Uncertainties over Foxconn’s manufacturing expansion into the United States have been raised once again, this time following comments made by company chairman Terry Gou, who spoke to reporters at an event celebrating the start of construction on a $8.87 billion display plant in Guangzhou, China (via Nikkei). At the ceremony, Gou told reporters he had just returned from a trip to Washington without confirming if he met with the Trump administration while he was there.

Since the November election, and even before it, the Trump administration has advocated for Apple specifically to make some of its products in the U.S. and not at foreign facilities, leading to multiple reports that Apple suppliers are looking into building large plants stateside. Now, Gou has raised concerns over any of the company’s previous U.S. manufacturing plans because he’s not sure if the U.S. government can work fast enough to stay ahead of all of the work needed to be done before any company like Foxconn can build a successful, large-scale facility in the states.

“I am concerned as to whether the U.S. can resolve all the investment issues in only a few months’ time,” Gou said, adding America also lacks the skilled labor and comprehensive supply chain the display industry requires.

“Does the U.S. offer incentive programs for foreign investors? They’ll need to pass bills first, and we’ll need to wait for American authorities to make a decision first,” Gou said.

Ultimately, Gou tried to avoid strictly siding with one country or the other, saying that the best course of action would be to support both once the option became available. “I am not willing to choose between [the U.S. and China]. Why should I give up on any market?” Gou ended the line of questioning from reporters with a pledge for the governments of both countries to avoid a trade war and “get along peacefully.”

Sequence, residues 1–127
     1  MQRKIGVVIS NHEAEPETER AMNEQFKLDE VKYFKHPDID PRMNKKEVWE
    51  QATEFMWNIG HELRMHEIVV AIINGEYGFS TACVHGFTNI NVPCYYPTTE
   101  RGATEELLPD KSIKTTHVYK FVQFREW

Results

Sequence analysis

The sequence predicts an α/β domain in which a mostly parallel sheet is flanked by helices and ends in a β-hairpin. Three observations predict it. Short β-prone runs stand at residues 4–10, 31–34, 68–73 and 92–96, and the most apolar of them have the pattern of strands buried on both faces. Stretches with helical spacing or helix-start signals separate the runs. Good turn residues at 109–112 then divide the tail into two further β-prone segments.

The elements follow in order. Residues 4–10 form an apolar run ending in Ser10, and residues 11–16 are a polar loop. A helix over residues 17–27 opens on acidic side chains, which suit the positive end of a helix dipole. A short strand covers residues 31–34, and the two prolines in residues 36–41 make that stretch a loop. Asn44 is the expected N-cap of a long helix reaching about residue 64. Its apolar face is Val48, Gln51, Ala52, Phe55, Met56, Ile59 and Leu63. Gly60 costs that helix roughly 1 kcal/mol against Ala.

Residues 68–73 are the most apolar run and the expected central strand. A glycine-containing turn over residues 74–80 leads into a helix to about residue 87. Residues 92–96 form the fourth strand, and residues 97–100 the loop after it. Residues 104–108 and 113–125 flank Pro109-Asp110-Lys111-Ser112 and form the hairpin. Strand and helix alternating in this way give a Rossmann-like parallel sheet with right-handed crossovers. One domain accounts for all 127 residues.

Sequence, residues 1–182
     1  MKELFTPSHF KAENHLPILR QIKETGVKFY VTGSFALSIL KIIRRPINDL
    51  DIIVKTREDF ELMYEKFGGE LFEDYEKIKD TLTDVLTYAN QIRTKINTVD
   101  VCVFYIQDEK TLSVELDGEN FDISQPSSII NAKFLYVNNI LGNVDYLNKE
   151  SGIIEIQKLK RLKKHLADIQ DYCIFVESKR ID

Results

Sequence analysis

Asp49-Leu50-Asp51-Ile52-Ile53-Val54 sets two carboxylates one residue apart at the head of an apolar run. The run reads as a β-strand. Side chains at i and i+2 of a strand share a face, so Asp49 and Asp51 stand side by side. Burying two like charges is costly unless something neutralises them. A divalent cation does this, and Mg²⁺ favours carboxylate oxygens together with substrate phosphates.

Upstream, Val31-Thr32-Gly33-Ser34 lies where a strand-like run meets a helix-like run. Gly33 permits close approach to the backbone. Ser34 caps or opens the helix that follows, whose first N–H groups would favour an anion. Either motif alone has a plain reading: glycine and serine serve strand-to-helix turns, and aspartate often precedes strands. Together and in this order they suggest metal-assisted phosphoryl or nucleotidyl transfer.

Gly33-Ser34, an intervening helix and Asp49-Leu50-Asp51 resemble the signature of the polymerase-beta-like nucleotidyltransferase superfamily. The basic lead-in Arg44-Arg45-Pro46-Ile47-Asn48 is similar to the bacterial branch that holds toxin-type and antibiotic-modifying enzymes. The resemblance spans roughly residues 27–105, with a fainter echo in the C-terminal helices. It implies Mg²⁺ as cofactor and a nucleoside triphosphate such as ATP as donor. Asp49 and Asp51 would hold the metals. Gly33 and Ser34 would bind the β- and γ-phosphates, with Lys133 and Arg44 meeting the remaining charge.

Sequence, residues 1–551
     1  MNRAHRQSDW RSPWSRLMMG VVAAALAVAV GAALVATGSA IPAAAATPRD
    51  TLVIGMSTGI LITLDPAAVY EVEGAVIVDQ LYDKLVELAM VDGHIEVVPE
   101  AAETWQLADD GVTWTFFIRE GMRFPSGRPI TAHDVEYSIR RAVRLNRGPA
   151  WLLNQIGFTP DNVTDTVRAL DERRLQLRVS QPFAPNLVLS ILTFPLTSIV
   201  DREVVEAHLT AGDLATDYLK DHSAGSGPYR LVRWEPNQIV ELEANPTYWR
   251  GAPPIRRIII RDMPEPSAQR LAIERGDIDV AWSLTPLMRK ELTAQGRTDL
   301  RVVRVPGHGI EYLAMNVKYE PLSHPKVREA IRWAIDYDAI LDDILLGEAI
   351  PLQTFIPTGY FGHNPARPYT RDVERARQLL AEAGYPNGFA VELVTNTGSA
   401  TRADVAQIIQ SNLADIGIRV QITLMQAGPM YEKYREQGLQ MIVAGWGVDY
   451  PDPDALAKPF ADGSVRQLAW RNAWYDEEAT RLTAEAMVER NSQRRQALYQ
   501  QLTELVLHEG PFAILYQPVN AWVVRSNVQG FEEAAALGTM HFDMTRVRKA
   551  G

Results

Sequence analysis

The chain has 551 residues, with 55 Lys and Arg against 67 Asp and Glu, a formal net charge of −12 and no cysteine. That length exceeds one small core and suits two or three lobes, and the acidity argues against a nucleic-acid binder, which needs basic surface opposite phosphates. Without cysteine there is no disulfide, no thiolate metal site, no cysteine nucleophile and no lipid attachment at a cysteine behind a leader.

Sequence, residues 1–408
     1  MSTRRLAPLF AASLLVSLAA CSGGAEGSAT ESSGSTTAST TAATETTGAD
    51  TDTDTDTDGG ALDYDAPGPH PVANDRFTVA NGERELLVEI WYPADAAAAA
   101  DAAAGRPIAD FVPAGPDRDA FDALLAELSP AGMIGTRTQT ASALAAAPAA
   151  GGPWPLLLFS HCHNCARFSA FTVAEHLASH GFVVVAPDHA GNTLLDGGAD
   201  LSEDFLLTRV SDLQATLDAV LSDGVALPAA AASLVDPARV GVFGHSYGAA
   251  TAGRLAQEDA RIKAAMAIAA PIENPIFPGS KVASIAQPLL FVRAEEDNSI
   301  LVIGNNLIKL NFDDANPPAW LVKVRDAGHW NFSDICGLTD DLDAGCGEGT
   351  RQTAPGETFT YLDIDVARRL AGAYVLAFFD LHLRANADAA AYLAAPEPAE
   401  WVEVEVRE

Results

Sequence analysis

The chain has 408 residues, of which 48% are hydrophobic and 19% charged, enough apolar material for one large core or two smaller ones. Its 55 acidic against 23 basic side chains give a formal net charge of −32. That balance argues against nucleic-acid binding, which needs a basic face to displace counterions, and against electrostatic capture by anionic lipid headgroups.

“It is in the interest of the entire humanity that China and the U.S., the top two economies in the world, can get along peacefully,” Gou said. “They are in the process of gambling with each other, and I can foresee that the two will eventually work together to grow [their] economies and deliver beneficial outcome for many. If they don’t, then everyone will be losers.”

In a separate report from Reuters, Foxconn is now said to have lost ground in its bidding for Toshiba’s memory chip business “due to its close ties with China.” The Japanese government is worried about “the transference of key technology” if a winning bidder has a close relationship with China, and Toshiba executives are reportedly aware of the government’s wishes and “will take into account how close bidders are to China in the selection.”

Apple accounts for over 50 percent of Foxconn’s total revenue, and because of lukewarm demand for the iPhone 7 in 2016, Foxconn saw its first ever profit decline since the company went public 1991. Optimism has now surrounded the company’s 2017 outlook, however, due mostly to excitement for the debut of the “iPhone 8,” perhaps called the “iPhone Edition.”

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